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Houses of Straw: Flimsy Votes and Arguments

We'd like to welcome Merrill Perlman, who writes the "Language Corner" column for Columbia Journalism Review, as our newest regular contributor! In this column, she's grabbing at "straws": straw polls, straw men, and straw bashers.

Though we're thick in the primary and caucus season, the testing of the political winds actually began months ago, with several "straw polls." Thought to come from the farm practice of tossing a few shreds of straw into the air to test which way the wind was blowing to determine if it would be good weather for whatever chores needed to be done that day, a "straw poll" or "straw vote" is a way for candidates to see early on if the wind is blowing in their favor. A "straw poll" is not binding on anyone. As O. Henry wrote in A Ruler of Men in 1906: "‘A straw vote,' says I, ‘only shows which way the hot air blows.'"

Sometimes, a candidate will set up a "straw man" — or, to be politically correct, a "straw woman" or "straw person." By its nature, a "straw man" is flimsy. But "straw man" has several shades of meaning: Someone can set up a "straw man" argument to appear to defeat it and thus gain stature, as in a politician who sets up unemployment as a "problem" and then shows how he created thousands of jobs, thus proving that unemployment is not really a "problem." Others will use "straw man" to mean a flimsy argument, as in this from one media outlet: "Republicans' favorite straw man is to talk about uncertainty as a threat to growth." And others have used "straw man" to refer to a person, as Chris Matthews did discussing Mitt Romney's defense of his wealth: "Who is he arguing with? I would argue he is arguing with a straw man. He has made up this fictitious character who doesn't like he's made a lot of money."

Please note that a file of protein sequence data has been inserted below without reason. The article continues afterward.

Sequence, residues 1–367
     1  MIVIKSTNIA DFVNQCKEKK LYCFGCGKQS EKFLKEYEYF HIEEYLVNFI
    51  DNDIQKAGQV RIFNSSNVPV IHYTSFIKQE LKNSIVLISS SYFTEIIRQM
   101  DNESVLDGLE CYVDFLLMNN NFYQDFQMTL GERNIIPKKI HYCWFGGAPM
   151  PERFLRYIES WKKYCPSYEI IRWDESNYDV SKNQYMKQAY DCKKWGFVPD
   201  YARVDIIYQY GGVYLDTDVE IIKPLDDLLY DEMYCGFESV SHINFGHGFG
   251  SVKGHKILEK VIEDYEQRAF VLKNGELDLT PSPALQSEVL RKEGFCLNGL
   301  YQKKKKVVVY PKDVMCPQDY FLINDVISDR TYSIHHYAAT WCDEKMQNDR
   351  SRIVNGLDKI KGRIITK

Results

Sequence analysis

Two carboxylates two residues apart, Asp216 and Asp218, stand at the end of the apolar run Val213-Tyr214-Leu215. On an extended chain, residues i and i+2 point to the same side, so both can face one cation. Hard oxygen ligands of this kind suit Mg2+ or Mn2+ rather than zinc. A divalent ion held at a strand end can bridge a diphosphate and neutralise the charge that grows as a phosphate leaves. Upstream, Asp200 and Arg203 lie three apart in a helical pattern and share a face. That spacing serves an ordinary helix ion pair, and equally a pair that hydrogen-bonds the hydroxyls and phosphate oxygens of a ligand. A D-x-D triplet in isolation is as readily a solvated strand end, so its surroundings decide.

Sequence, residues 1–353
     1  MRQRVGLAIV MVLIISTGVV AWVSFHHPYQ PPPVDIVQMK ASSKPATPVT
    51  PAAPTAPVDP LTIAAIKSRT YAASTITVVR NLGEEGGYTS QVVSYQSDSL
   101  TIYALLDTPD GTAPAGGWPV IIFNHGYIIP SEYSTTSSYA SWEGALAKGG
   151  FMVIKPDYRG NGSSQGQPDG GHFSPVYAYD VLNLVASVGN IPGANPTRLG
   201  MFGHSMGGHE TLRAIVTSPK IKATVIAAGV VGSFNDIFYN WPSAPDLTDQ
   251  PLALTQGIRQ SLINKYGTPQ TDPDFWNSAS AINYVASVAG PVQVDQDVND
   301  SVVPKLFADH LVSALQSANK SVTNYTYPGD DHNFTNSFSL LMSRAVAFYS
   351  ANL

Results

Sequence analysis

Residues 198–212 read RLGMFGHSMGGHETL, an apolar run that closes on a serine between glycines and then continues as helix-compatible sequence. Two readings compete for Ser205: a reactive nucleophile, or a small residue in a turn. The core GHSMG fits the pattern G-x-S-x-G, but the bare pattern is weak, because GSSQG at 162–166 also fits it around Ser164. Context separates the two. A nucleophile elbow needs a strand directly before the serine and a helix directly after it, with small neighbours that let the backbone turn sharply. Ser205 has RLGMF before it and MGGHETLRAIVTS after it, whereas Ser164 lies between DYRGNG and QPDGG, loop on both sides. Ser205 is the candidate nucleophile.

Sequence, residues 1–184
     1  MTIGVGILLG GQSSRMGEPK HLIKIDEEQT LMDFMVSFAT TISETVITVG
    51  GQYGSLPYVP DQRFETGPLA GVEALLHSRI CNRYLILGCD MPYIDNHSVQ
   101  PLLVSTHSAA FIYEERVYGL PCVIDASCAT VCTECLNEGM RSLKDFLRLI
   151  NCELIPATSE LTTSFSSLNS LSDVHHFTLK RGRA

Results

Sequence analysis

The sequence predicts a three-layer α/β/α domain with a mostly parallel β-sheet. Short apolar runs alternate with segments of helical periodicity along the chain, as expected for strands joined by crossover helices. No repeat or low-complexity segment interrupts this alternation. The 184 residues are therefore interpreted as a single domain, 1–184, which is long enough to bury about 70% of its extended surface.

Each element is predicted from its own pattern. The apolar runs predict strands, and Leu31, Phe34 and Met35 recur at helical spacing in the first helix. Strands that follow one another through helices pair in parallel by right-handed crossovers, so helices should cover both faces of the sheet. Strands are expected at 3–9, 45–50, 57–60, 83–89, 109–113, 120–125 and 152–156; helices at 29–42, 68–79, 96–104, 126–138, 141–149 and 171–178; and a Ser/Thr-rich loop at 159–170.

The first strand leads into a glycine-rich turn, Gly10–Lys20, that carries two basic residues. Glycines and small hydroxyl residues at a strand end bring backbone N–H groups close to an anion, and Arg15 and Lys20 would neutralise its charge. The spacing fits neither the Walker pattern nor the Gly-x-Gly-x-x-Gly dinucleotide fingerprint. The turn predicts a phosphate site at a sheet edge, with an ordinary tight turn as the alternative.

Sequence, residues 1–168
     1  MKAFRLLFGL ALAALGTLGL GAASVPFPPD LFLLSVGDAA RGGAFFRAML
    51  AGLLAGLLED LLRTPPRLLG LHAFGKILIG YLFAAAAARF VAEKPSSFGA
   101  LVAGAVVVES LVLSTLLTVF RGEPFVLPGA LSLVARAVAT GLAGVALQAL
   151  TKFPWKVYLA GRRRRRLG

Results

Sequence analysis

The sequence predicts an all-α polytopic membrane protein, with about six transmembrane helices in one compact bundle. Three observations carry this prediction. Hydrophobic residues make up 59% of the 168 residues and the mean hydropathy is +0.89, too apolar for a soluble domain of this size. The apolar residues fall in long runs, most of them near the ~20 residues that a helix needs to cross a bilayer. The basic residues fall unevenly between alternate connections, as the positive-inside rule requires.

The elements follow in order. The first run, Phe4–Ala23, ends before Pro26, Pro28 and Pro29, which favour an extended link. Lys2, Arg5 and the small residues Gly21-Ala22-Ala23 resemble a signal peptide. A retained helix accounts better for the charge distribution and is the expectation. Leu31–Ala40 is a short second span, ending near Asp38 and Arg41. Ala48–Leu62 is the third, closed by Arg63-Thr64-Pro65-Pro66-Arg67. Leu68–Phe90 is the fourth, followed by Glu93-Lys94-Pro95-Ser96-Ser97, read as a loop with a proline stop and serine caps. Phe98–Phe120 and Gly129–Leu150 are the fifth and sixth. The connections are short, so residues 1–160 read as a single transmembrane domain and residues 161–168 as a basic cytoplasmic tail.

On occasion, a "straw man" can also be a "red herring." That expression, which probably comes from the practice of using smoked herring to lay a trail for hounds to follow, means a diversion. Someone who sets up a flimsy argument as a diversion is killing two idioms with one blow.

A "straw man" might also be a "straw boss." Originally, the "straw boss" had the secondary job; the real boss was in charge of the grain. But over the years, "straw boss" has also come to mean a front or cover for the real boss.

"Straw" figures in many other expressions, of course, among them "the short straw," "the last straw," "the straw that broke the camel's back." There's also a "straw shoe," said to come from the practice of people standing outside a courthouse with straw in their shoes, indicating their willingness to commit perjury for money.

And come convention time there will be a lot of "straw bashers." No, not the politicians: "Straw basher" is slang for the flat-brimmed straw hat that seems to show up only during presidential conventions. (They're also called "straw boaters.") Of course, they're no longer made of straw; they only look like they are. Does that make them "straw man hats"?